We regularly provide initial information to clients on the telephone.
These conversations almost always involve discussion about the following. These things should be thought about when comtemplating entering into a granny flat agreement.
(Again, we use the term “granny” here for convenience, but these agreements almost always involve parent and child):
- Pensioners – ask Centrelink:
- Where the granny is in receipt of a Commonwealth/Centrelink benefit it is always necessary as a first step to ask Centrelink whether the proposed arrangement will have any effect on the pension/s. Solicitors are not qualified to give financial advice, and in our agreements we simply recite that advice has been received from Centrelink and that the pension will not be affected. You can contact Centrelink by using a term like “Centrelink financial information service” in Google. Alternatively, specialist financial advisers can be contacted.
- Tax implications:
- For the person providing the accommodation, usually a child, where there is a transfer of property involved (which is very often the case) it is necessary to check with an accountant or a financial adviser whether there will be any capital gains or other taxation issues. It is understood that in mid-2021 the Commonwealth government will be amending taxation legislation so that granny flat agreements are not caught by capital gains tax consequences.
- Where there is a transfer of property proposed, if there are other siblings not involved with the agreement will these siblings be disinherited by the proposed arrangement? As these agreements are “family agreements” it is important to discuss the proposal with all family members so that disharmony (or worse) in the future is avoided. (Sometimes disinheritance is intended in relation to wayward or estranged children – see our post – here.)
- Stamp duty:
- Full stamp duty is payable on transfers of real estate between parent and child. No exemption applies.
- Pensioners – Centrelink requirements:
- When there is a transfer of property as a consequence of a granny flat agreement, when granny is in receipt of a pension Centrelink’s rules require only two things – first, that granny does not have any proprietary interest in the granny flat, and, second, that a right to lifetime interest/accommodation is provided for in the agreement.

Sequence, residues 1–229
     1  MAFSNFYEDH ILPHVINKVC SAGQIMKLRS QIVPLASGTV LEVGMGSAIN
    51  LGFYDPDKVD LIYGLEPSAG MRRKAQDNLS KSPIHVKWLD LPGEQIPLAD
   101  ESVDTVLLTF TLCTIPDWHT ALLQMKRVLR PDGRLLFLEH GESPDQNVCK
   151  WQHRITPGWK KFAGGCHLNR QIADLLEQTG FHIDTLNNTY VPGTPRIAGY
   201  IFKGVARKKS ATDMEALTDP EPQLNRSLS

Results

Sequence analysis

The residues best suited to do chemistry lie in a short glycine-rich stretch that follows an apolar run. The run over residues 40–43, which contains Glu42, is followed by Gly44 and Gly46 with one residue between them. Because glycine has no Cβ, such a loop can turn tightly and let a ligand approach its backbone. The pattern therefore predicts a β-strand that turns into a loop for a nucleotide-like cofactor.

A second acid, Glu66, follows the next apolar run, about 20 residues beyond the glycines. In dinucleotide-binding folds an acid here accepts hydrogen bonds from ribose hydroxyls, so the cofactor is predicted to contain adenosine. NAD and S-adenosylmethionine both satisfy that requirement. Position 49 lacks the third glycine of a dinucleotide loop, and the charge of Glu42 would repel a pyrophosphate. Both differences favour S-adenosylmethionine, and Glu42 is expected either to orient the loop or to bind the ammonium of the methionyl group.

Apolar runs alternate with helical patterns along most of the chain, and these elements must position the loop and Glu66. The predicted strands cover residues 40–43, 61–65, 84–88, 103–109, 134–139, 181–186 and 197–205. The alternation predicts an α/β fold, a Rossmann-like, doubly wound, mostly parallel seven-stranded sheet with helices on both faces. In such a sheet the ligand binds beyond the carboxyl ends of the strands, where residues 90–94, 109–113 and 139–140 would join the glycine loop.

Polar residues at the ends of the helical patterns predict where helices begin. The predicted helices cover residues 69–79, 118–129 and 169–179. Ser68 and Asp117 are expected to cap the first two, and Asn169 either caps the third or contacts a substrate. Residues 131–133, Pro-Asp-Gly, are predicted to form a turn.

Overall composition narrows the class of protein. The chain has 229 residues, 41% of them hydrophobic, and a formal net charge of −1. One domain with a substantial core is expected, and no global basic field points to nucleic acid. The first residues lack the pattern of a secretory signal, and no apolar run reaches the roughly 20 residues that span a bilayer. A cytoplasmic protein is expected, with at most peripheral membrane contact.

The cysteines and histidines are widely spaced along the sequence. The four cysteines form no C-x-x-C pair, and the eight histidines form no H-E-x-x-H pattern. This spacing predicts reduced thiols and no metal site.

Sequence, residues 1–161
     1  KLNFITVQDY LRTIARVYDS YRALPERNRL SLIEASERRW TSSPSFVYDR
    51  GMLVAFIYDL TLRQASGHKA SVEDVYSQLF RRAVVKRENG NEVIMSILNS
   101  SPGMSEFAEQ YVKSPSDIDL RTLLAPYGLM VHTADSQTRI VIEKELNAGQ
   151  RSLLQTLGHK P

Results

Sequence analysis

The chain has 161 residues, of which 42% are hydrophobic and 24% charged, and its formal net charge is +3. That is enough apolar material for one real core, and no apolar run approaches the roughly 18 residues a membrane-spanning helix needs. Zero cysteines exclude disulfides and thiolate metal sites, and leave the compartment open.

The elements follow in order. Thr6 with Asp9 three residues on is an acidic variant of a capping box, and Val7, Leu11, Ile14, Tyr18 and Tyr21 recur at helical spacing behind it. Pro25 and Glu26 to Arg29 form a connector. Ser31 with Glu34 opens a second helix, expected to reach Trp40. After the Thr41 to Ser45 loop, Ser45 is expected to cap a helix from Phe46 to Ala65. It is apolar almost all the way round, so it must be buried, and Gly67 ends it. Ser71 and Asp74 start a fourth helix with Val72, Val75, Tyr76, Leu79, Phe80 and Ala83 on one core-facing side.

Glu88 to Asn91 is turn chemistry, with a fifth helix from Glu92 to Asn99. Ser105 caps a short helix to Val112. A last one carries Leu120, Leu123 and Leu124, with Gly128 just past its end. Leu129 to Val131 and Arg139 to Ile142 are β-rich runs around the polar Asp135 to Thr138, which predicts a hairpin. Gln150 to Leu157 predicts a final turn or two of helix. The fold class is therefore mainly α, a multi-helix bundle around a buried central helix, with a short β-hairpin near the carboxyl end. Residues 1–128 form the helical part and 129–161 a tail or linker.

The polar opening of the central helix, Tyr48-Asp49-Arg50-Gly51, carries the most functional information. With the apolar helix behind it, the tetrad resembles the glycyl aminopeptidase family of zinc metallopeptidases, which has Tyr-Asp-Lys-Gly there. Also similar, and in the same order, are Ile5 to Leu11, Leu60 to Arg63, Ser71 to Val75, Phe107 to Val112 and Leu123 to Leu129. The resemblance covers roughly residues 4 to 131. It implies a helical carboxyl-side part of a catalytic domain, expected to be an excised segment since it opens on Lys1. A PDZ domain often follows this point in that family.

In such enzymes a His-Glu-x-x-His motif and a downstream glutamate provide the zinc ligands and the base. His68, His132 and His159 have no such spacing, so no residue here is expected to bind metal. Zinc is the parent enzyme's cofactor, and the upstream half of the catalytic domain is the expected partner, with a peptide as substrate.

- If there is no pension involved, the parties are free to make any arrangement they wish
- Whilst care is often provided for in these agreements, it is not a Centrelink requirement
- Pensioners – gifting rules:
- If the Centrelink rules are complied with, there will be no adverse consequence for the pension/s in relation to what would otherwise contravene gifting (deprivation) rules.
- Who pays for what?
- Who is going to pay for what now and in the future – for instance, rates, outgoings (gas, electricity etc,), insurances, maintenance and upkeep, stamp duty/legal costs and (if any) land tax. Is granny going to pay any type of ongoing occupation fee? Can granny afford expenses s/he has to pay?
- Does granny have the necessary capacity to be able to understand this type of agreement? If not does s/he have an attorney under a financial power of attorney, or other legal representative? Does granny understand written English? Does s/he need an interpreter?
- Powers of attorney:
- Is there a power of attorney in place? If the attorney under a financial power of attorney is also a party to the granny flat agreement conflicts of interest could arise in relation to any decision by the attorney about the granny flat agreement.
- We can only act for one party:
- Solicitors can act for only one party to an agreement. We almost always act for the granny. This is an important requirement to ensure the integrity, validity and enforceability of the agreement.
- Perils of care provisions:
- If lifetime care is intended to be included in an agreement, think carefully about what that means and whether the provision of care is achievable – “…in my experience, if the family does not confront the vagueness and uncertainties of the care for life promise upfront, the harsh reality is that this failure will then usually lead to divergent expectations bubbling to the surface after the event, which will ultimately be the source of personal bitterness and family implosion.”* See further information on care – here.
- What is going to happen if…..
- Possibly the most important last. What is going to happen if the child’s marriage breaks up? Will the granny flat have to be sold? What if the relationship between granny and child breaks down? What if the child has financial problems? What accommodation, care and financial arrangements are going to be made if these circumstances arise? All of these possiblel outcomes are usually included in a written granny flat agreement.
* Brian Herd – “The Family Agreement – a Collision Between Love and the Law?”  ALRCRefJI 18; 2002 81 Australian Reform Commission Reform Journal 23